Age of the sun.
It had been assumed for thousands of years that the Sun was eternal and changeless (and would be until God wished to put it to an end). The discovery of sunspots (see 1610) had shaken this belief but not destroyed it.
Once the law of conservation of energy was well established (see 1847), however, the shining of the Sun had to be questioned. Light and heat were energy, and this could not be created out of nothing. Where, then, did the Sun obtain the energy that had kept it shining brilliantly enough to warm the Earth at a distance of nearly a hundred million miles for all the many thousands of years of history? It could not be ordinary burning, for the entire substance of the Sun would have been consumed in a mere fifteen hundred years in that case.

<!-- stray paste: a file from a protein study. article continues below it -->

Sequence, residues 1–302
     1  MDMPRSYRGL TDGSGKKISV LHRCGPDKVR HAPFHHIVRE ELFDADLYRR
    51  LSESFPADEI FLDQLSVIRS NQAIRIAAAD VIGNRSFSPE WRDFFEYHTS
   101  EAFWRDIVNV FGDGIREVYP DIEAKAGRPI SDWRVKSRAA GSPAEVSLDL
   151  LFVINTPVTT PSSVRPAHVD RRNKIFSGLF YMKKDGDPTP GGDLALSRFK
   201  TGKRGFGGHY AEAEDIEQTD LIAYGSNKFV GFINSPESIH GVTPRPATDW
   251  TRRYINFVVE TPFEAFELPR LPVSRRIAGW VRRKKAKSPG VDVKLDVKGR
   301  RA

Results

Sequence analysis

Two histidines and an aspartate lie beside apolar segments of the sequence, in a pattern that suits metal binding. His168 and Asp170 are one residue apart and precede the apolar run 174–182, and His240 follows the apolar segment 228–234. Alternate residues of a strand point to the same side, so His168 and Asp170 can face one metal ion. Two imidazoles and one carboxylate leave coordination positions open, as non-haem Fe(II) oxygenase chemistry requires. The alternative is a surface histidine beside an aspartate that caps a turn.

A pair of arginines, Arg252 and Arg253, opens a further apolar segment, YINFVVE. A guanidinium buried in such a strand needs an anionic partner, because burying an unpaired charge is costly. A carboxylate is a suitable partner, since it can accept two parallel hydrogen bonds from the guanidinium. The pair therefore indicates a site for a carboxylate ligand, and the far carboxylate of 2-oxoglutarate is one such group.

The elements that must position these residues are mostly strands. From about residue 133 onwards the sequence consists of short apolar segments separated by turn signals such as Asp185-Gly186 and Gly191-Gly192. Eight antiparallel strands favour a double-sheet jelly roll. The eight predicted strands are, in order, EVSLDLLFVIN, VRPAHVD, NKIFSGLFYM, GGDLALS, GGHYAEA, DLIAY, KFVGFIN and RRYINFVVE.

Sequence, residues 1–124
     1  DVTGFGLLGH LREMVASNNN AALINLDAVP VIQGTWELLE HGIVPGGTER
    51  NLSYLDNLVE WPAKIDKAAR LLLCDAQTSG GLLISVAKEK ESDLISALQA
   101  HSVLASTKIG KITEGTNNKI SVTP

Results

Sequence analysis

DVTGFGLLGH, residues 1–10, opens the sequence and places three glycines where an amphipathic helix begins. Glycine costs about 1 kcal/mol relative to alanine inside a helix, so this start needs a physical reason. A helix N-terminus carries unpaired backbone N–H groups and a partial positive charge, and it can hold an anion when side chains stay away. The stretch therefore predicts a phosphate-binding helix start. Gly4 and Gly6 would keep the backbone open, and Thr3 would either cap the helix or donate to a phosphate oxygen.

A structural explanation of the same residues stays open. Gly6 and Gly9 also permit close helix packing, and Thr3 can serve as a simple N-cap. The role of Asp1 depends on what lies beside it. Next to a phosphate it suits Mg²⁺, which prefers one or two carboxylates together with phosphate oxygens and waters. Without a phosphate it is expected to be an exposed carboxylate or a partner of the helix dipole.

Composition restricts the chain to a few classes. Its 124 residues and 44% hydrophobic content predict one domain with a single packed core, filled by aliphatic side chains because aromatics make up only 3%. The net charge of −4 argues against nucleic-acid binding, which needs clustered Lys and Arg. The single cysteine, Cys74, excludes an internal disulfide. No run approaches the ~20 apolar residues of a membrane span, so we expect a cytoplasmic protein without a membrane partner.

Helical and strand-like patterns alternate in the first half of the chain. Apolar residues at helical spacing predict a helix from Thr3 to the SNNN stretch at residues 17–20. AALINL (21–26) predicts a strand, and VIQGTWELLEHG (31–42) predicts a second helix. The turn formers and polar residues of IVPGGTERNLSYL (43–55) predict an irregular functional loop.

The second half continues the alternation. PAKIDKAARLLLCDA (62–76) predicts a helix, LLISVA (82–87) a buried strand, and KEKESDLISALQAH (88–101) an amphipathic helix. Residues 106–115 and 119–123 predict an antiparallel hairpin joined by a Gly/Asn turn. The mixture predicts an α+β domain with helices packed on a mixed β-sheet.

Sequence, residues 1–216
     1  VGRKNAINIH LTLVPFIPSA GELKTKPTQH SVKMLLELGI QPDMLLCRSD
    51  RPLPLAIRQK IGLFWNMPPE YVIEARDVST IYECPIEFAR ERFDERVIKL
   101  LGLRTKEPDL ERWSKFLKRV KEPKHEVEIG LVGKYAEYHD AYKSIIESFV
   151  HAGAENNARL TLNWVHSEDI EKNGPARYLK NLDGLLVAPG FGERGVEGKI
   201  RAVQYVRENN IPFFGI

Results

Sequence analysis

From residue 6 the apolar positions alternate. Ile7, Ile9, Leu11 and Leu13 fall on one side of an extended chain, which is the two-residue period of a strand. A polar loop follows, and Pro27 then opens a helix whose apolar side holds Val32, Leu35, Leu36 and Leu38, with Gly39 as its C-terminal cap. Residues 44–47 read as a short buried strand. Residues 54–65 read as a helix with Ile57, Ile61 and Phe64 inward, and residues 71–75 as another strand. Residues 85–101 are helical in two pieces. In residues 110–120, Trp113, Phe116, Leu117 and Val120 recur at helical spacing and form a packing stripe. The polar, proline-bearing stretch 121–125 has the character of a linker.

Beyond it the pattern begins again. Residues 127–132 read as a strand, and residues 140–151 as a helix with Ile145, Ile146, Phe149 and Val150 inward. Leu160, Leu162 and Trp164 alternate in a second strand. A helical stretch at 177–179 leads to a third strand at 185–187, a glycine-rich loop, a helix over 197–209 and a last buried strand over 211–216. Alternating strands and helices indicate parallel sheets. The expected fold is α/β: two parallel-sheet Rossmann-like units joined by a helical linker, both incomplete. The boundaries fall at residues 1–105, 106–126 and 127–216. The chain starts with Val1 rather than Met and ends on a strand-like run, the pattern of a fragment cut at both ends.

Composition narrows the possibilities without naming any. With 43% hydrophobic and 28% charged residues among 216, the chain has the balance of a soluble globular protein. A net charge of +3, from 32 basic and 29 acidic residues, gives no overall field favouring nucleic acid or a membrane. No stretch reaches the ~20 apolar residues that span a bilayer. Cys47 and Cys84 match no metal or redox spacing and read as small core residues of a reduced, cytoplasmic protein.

Helmholtz, who had been the one to establish the law of energy conservation, pondered the matter and by 1853 had decided that the only energy supply that would suffice was that of the Sun's own gravitation.
Slowly, the Sun's globe must be contracting, and the falling inward of that huge mass must be supplying the energy that was converted into light and heat.
This must be the continuation of a process that had begun when a gigantic cloud of dust and gas had contracted to form the Sun in the first place (see 1796).
In order to supply light and heat at the current rate, Helmholtz concluded, the Sun must have contracted from a size filling the orbit of the Earth to its present size in something like twenty-five million years. That meant Earth could be no older than that. Moreover, it meant that in another ten million years, the Sun would be too small and cool to support life on Earth.
This conclusion came as a great shock to geologists, who already thought the Earth must be considerably older than twenty-five million years. It was to be another half-century before the controversy was settled-in favor of the geologists.
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|Publication:||Asimov's Chronology of Science & Discovery, Updated ed.|
|Article Type:||Reference Source|
|Date:||Jan 1, 1994|